Read the full article here.

The work behind child's play at the Carnegie

The New York Times reports on the "Playground Project," the Carnegie Museum's new exhibitional ode to the playground through history in a full-page spread this past Sunday. An excerpt:

"Mounted on plywood panels that suggest the walls of an impromptu recreation room, this jam-packed show uses photographs, film, books, architectural plans and models to illuminate the golden decades after World War II, when cities around the world felt the need to build new play areas in parks and on streets.

"Artists and architects buoyed by the work of child psychologists like Bruno Bettelheim and Jean Piaget reinvented the playground’s look and dreamed up new equipment. Once regarded as a holding area where children could be controlled and contained, by the 1960s the playground was seen as a zone for creative exploration and cognitive development."

To read more about the "Playground Project" and its message, click here.

Jonathan Borofsky's Walking to the Sky sculpture featured in photos

The Carnegie Mellon University sculpture by artist Jonathan Borofsky, with people walking straight up to the sky, is featured in various perspectives in this short but cool photo feature.

See it here.

Pittsburgh with kids: an education in fun

How much fun is Kidsburgh for kids?

Read the story here.

Pittsburgh holiday news in series of blogs

Want to keep up with holiday traditions and learn more about cool things to do over the holidays, as well as the history behind them? Look no further: read the blog series on Imagine Pittsburgh website.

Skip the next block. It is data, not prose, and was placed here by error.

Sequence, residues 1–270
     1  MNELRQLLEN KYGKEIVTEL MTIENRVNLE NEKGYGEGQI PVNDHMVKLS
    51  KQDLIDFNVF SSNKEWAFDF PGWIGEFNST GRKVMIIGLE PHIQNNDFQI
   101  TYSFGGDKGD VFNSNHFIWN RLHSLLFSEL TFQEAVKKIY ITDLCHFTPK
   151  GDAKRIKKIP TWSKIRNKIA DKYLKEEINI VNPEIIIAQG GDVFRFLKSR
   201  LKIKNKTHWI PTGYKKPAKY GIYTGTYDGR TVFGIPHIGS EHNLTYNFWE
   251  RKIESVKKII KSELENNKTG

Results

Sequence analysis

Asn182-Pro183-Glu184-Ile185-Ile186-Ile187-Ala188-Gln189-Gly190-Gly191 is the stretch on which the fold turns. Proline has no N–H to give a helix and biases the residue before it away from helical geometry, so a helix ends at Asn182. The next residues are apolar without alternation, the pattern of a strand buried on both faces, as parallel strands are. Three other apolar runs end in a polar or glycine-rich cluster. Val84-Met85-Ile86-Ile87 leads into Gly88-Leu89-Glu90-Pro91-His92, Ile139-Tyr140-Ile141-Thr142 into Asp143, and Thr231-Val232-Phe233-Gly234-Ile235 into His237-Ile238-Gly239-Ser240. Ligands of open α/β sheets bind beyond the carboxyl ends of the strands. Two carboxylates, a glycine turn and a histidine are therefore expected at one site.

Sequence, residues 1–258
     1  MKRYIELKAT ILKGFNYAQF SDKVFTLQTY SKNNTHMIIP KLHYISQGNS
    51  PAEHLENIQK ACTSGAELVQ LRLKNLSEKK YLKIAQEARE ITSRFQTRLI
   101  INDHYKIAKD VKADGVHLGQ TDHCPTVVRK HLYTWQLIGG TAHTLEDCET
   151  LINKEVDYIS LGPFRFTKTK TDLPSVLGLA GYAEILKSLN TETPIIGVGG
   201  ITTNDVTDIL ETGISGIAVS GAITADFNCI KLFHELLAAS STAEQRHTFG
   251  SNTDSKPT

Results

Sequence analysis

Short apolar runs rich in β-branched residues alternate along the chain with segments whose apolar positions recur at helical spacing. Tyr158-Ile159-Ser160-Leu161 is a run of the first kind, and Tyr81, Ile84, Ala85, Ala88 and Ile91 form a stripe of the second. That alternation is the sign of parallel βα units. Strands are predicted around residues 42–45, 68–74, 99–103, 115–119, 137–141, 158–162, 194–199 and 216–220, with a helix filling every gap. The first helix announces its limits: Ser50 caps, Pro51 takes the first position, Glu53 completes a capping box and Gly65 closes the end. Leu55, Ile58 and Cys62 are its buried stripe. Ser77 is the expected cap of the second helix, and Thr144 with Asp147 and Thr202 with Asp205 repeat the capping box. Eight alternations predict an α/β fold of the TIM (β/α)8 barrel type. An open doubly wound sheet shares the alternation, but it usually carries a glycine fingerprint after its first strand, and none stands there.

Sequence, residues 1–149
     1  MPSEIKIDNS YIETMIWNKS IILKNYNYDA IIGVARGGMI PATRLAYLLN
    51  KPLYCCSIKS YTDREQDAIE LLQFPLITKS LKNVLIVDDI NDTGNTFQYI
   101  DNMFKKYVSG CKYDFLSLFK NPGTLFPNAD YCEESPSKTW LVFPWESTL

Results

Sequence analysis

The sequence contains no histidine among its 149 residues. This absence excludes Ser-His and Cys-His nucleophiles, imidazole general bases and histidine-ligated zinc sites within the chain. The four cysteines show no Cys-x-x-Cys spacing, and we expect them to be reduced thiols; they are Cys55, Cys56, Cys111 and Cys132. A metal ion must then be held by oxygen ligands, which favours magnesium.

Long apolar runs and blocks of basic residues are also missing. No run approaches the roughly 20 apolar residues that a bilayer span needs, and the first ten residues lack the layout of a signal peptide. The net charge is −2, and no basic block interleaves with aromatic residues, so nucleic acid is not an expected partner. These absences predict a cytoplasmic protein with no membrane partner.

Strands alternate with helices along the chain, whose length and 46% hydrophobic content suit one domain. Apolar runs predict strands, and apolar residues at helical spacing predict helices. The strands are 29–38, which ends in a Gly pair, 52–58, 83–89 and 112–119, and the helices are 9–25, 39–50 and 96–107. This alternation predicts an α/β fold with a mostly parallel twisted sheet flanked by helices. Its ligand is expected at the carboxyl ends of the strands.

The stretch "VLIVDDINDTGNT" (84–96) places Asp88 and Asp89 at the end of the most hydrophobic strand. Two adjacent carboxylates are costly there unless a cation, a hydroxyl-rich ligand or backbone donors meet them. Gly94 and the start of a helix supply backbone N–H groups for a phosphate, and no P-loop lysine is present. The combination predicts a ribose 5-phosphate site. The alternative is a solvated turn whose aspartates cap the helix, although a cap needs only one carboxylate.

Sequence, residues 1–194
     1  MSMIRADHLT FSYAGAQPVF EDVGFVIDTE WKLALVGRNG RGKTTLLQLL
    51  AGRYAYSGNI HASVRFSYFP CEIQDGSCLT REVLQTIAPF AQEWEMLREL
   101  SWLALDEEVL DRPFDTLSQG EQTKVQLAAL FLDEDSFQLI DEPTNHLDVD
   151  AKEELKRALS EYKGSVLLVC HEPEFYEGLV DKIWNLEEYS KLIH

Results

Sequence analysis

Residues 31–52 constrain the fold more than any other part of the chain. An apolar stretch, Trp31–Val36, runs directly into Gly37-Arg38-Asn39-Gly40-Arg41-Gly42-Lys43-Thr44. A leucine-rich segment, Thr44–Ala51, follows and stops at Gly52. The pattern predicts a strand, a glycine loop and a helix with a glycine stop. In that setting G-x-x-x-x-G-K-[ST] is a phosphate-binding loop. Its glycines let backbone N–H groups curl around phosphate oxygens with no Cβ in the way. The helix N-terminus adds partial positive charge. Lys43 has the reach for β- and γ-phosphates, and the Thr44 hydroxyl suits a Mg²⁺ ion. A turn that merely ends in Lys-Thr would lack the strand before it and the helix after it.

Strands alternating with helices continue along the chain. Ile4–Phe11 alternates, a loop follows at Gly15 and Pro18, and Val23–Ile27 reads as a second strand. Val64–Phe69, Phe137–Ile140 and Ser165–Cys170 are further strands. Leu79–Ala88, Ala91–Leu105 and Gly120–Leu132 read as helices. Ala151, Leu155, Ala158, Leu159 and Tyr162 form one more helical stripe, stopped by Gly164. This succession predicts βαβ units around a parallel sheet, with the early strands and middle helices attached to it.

Original fries among the best in the US says CNN

Original Hot Dog Shop. At this family-run stalwart, the mountain of fries that comes in even a small order borders on the ridiculous -- so no wonder the college kids keep coming back. Located on the campus of the University of Pittsburgh, "The Dirty O" has a reputation for decadent spuds: hand-cut and peeled Idaho potatoes, twice fried in peanut oil, and served golden and crunchy on a cafeteria tray. The Original even has its own dedicated fry station, where you can order them with sides of gravy, cheese, or ketchup. 3901 Forbes Ave.

Travel + Leisure: World's most delicious street foods

See the entire list here.

Pittsburgh named as Under the Radar Cultural Destination

The Scene: Struggling industrial center turned cultural breeding ground.

The Signature: Museums. Visit the iconic Andy Warhol Museum (117 Sandusky St.; warhol.org) for an infusion of pop art, the Carnegie Museum of Art (4400 Forbes Ave.; cmoa.org) for an upcoming exhibit on modern decorative arts and the Mattress Factory (500 Sampsonia Way; mattress.org) for “room-sized” installations of contemporary art. 

Insider Knowledge: While Frank Lloyd Wright’s Fallingwater (fallingwater.org) is the city’s most famous architectural landmark, H. H. Richardson’s Emmanuel Episcopal Church (emmanuelpgh.org) is worth a visit. The building features Tiffany windows and a wood interior reminiscent of an inverted ship’s hull.